Every year is the same when it comes to Thanksgiving. It’s usually me and Josh and every other year we either receive family for dinner, or we go munch in someone’s else house. This year we were alone again, in the Airbnb, we very limited space to cook. Well, I had limited space to cook, Josh only cooked the first two years we were together and I took over.
The past couple of years, we were buying the whole meal pre-made from Whole Foods, but this year, why not cook in a kitchen that it’s not yours? With little supply and space and with a stove that is more like an RV type of appliance.
I made it through. We had all the shenanigans like turkey breast, homemade cranberry sauce, gravy, mashed potato, and two desserts. For two people. We are not afraid of eating.
While cooking all that food, I thought about all the types of food we eat here in America, and for some of us, still looks weird. So I made a list of the foods that make no sense for me, even after all these years living here. The way people eat tells a lot about their culture. Since I watched a show with Padma Lakshmi, called Taste of a Nation on Hulu, I realized that everything we eat in America was brought by immigrants and adapted to the American palate. To my surprise, even the most American food of all, the hotdogs, are not American. German. Hamburger? German too.
Taste of a Nation on Hulu
In the first season, Padma traveled across the United States, getting more information about how the immigrants influenced the daily American eating habits. In a particular episode, she interviewed her mom, that came to America to study and looking for a better life, while Padma stayed back with her grandparents in India, was so honest I cried. How hard it must be to leave your kid back home, while you are in a completely foreign land trying to make it out. I left my parents back home when I left, but I was also 26. And sick of my country.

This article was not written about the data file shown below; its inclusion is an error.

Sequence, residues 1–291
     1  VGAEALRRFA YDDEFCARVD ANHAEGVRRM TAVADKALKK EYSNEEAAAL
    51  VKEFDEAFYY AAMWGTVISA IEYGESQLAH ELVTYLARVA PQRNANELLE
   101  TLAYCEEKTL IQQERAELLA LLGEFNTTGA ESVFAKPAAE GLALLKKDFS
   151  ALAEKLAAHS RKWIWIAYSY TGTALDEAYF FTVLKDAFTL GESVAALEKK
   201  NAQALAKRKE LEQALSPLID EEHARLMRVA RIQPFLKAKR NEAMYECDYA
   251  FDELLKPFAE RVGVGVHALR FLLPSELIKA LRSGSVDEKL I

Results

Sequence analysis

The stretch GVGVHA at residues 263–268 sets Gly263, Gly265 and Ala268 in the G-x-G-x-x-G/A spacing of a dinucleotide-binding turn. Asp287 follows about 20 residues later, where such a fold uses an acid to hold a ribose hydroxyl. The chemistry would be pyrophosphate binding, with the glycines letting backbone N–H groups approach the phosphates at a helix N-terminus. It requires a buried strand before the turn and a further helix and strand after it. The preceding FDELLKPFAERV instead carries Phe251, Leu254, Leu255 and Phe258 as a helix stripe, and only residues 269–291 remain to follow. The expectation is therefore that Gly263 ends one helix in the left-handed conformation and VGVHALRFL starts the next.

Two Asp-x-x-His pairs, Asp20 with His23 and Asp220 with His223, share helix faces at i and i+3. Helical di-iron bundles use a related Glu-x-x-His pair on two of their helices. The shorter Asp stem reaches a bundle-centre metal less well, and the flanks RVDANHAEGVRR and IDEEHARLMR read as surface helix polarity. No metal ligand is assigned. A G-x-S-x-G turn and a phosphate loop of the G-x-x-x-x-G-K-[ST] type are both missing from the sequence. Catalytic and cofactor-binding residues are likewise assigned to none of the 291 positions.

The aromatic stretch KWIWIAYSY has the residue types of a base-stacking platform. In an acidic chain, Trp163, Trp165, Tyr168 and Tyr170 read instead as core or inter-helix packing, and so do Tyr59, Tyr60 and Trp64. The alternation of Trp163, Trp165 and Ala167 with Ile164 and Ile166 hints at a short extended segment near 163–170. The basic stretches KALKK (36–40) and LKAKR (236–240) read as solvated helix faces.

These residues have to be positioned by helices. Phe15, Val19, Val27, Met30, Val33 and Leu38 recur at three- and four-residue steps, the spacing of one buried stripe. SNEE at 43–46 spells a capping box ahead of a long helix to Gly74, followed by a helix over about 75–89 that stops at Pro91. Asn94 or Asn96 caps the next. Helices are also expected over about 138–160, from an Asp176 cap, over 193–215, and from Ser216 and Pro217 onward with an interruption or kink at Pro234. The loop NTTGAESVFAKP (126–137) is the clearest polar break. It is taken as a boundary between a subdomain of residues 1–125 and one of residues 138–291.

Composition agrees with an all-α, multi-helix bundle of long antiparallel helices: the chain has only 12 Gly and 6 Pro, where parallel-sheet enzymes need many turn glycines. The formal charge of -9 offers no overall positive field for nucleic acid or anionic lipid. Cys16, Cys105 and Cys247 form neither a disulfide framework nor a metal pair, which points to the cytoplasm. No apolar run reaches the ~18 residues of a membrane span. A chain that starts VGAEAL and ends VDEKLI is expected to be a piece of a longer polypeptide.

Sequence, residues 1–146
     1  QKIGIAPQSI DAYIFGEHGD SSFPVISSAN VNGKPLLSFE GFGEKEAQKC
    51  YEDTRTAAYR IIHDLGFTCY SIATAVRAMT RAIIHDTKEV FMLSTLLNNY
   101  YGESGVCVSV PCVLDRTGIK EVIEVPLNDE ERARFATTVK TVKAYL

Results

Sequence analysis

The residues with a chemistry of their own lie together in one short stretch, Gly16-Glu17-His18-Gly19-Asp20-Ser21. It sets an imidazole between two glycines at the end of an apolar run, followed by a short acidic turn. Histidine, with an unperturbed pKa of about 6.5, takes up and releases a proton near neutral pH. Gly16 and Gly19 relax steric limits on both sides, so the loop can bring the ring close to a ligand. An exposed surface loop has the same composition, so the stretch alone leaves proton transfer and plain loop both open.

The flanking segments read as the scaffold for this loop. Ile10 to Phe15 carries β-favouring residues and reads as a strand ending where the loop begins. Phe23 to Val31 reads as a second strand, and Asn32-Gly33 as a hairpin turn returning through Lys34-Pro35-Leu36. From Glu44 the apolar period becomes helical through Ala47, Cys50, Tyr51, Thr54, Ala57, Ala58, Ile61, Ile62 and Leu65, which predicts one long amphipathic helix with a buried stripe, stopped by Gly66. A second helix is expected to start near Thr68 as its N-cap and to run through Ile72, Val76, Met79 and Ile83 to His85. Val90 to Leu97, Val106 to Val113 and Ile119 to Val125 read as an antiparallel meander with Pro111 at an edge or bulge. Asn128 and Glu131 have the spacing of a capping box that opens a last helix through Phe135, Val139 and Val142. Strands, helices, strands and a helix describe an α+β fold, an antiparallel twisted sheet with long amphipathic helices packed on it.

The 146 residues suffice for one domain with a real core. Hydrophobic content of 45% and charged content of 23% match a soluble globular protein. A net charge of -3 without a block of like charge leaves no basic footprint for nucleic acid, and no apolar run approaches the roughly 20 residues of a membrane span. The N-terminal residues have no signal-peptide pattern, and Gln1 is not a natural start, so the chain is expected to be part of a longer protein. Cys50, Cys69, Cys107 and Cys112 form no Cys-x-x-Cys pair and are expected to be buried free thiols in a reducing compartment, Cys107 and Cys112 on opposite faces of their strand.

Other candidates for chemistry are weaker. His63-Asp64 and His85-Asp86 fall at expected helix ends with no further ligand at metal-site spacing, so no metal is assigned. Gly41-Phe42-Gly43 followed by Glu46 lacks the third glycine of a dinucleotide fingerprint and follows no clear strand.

On the show, as the Padma interacts and cooks with the chefs, she also gets to know their personal stories and how they are keeping their homeland food culture alive. Like one of the Native Americans said, while she was serving the food and I quote “It’s a spiritual connection”. American food is an increment of all the cultures we have here.
Based on that I made a list of American foods I don’t understand. And it’s not influenced by any other culture, but born and raised Americans themselves.
Mac and Cheese
Mac and Cheese are dated from 1769, according to our old and most reliable source Google. During the Great Depression, it was commercialized by Kraft Foods, in 1937. I understand the fact that you eat this when don’t have any other option, but this being consider a side food at any restaurant is a disparity.
I was first introduced to Mac and Cheese by my American husband, back in 2013. I don’t trust his cooking abilities, but the mac and cheese were bland beyond my expectations. It’s like chewing a rubber band. Yes, I did that when I was a child, so please move along.
2 out of 10. Hard pass.
A tomato sauce based ground beef sandwich that looks like some kind of regurgitated food. It’s ground beef in a bun. Originated in Iowa, dated back to the 1940s and created by a worker named Joe, the loose sandwich, got its name because of the fast-food counter type of food.